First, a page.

In another chapter, the late Don Revie, stated that, "refereeing was the hardest job in the world",(as Mr. Poll agrees and is always saying?). Hardly, just ask any soldier, miner, trawlerman, policeman,scaffolder,deep sea diver, nurse, etc, etc........In his defence he does admit to getting decisions wrong(even referees are human, aren't they?), so at times he rated himself as 8 out 10 but sometimes he was a 10 out of 10? Quite modest, really.

I'd love to debate his ideas/reasons on a one to one basis but I don't think I can reach his Ivory Tower?

Still a fascinating if not irritating read!
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on 17 February 2010
Graham examines many major incidents in detail, gives his opinion and that of other referees involved at the time to provide a fascinating insight into them.
The book not only provides such thoughts and opinions but gives food for thought for any referee who thinks deeply about his own performance and could be very useful to newer referees. In my opinion, a different kind of refereeing book and definitely one of the best ever books by referees.
Geoff Hurst, the Hand of God and the Biggest Rows in World Football
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on 10 January 2010
This should be required reading for every would-be referee in the stands, not to say every football manager. It demonstrates, by fascinating examples, just how hard the referee's job is, how it has been made more logical over the years and what could be done in the future. Poll is informative about the Laws (showing just how little most of us understand them) and is not afraid to detail with his own errors and those of colleagues, but there is no whinging. Downside - the previous World Cup details seem a bit out of place. In summary it is a well-written book, very amusing and informative.
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on 23 July 2013
A bit self indulgent by Poll in places with loads of referalls (no pun intended) to his own autobiography , but overall an interesting read , and to get some FACTS on the laws of the game will make for some interesting discussions when your armed with your new facts , especially with your mates in the pub when you're watching a match together , that's for sure !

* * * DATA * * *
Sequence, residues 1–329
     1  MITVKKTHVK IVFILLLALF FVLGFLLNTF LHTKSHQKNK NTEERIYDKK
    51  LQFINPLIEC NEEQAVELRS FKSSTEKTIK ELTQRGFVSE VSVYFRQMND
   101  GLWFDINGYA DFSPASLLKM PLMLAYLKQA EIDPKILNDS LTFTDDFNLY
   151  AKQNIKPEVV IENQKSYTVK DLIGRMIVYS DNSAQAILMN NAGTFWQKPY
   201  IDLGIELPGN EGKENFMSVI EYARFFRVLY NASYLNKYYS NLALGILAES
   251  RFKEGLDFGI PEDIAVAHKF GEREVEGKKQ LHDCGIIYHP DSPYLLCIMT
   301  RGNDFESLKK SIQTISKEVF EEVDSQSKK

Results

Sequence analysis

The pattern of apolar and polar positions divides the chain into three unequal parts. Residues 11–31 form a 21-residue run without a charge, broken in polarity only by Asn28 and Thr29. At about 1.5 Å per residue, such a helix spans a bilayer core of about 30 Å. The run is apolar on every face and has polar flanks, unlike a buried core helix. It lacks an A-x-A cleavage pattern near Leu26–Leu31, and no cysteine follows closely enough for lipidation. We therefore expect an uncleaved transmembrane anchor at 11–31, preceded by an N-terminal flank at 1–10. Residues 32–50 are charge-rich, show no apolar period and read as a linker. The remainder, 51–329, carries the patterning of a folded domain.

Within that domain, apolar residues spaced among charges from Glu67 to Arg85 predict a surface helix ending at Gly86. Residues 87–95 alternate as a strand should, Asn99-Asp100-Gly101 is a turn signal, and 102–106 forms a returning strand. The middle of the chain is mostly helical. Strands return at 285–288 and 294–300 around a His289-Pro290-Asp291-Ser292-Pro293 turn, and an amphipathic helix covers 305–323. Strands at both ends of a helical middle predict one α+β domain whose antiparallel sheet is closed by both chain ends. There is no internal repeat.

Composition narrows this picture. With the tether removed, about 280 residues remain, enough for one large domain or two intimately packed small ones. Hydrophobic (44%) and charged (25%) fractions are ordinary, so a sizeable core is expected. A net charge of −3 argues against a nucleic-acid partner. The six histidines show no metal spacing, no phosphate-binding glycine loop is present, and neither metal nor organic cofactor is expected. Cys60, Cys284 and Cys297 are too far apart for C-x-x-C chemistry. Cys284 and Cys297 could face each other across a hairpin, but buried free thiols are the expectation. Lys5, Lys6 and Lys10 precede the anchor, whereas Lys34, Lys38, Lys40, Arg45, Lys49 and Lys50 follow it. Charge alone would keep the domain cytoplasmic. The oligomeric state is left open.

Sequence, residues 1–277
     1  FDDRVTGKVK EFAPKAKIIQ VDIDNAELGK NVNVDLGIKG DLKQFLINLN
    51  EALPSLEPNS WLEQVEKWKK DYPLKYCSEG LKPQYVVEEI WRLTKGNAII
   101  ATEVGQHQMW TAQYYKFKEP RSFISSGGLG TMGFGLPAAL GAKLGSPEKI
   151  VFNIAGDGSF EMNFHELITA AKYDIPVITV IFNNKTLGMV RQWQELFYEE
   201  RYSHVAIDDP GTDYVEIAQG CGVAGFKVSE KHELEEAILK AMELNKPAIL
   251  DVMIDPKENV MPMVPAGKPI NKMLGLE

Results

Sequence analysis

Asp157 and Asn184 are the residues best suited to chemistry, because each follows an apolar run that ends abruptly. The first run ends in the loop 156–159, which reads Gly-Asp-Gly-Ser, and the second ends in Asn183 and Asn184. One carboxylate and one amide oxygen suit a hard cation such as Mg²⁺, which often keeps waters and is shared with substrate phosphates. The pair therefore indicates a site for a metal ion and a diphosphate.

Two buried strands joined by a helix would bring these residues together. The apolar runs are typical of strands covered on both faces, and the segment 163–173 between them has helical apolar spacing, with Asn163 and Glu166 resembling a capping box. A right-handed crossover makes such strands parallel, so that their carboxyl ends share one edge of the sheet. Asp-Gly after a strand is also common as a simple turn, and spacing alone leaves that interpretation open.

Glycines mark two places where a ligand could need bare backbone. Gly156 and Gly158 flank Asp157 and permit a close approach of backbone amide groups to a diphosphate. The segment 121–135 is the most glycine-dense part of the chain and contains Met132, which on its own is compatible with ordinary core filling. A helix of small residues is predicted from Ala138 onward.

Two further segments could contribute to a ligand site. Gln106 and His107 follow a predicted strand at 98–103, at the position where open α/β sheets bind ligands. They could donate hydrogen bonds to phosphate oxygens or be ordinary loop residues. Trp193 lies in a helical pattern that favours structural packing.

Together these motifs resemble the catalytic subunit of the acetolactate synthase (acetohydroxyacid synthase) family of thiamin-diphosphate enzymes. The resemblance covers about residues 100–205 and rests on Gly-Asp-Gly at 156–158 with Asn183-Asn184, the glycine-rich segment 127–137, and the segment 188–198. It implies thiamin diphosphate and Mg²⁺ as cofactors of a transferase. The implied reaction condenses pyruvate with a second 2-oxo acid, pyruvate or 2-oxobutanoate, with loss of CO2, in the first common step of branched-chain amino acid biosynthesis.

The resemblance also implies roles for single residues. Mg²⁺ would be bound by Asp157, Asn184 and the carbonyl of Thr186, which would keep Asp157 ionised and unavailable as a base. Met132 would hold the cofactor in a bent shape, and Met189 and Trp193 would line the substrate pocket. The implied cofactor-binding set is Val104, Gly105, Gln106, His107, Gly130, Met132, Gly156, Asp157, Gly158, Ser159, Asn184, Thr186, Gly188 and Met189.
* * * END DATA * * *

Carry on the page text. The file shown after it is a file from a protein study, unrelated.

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on 2 August 2013
I only really bought this as it was on offer at 99p.It has however helped me understand a few of footballs laws better.However he still seems to have a chip on his shoulder over the 3 yellow cards incident.We all make mistakes like he says,but dwells a bit too much on it.
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on 27 July 2013
Poll explained a number of the laws of football very well and I certainly will have a better understanding of some of the refs decisions that in the past I would have disagreed with. In one or two areas he comes across as a little pompous but all in all a good read.
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on 4 August 2013
Always interesting to get anothers point of view but I found the style of writing a bit basic but maybe that's what it was supposed to be. A good holiday read, which is what I chose it for.
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on 21 January 2013
A really interesting book by a controversial referee. The man who recieved congratulation-cards from Kaiser Beckenbauer himself, three cards, by the way.
The book is exellent reading.
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on 7 December 2012
If you like your footie books then this is for you. It gives a modern take on some of the historical moments in football.